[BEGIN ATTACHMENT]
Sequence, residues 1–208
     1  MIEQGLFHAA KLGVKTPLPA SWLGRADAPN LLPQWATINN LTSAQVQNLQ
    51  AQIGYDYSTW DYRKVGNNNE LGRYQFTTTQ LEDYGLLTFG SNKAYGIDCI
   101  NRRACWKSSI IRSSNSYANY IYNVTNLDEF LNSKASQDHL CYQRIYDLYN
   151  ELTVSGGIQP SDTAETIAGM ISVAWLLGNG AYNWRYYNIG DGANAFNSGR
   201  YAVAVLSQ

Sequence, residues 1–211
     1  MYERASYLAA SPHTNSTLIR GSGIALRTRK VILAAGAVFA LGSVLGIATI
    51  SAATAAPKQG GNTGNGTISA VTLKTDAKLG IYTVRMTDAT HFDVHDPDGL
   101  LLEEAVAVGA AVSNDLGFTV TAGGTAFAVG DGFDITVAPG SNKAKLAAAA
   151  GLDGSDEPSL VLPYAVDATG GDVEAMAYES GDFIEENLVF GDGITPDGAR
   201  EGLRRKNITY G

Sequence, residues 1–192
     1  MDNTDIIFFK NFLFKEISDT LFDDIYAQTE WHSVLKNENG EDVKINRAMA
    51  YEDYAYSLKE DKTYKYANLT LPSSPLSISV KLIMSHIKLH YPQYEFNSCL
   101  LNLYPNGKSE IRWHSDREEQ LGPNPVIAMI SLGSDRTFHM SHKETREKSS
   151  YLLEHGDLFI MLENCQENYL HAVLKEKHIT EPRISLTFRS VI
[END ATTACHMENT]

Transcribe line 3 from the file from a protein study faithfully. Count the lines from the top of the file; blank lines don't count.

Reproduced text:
    51  AQIGYDYSTW DYRKVGNNNE LGRYQFTTTQ LEDYGLLTFG SNKAYGIDCI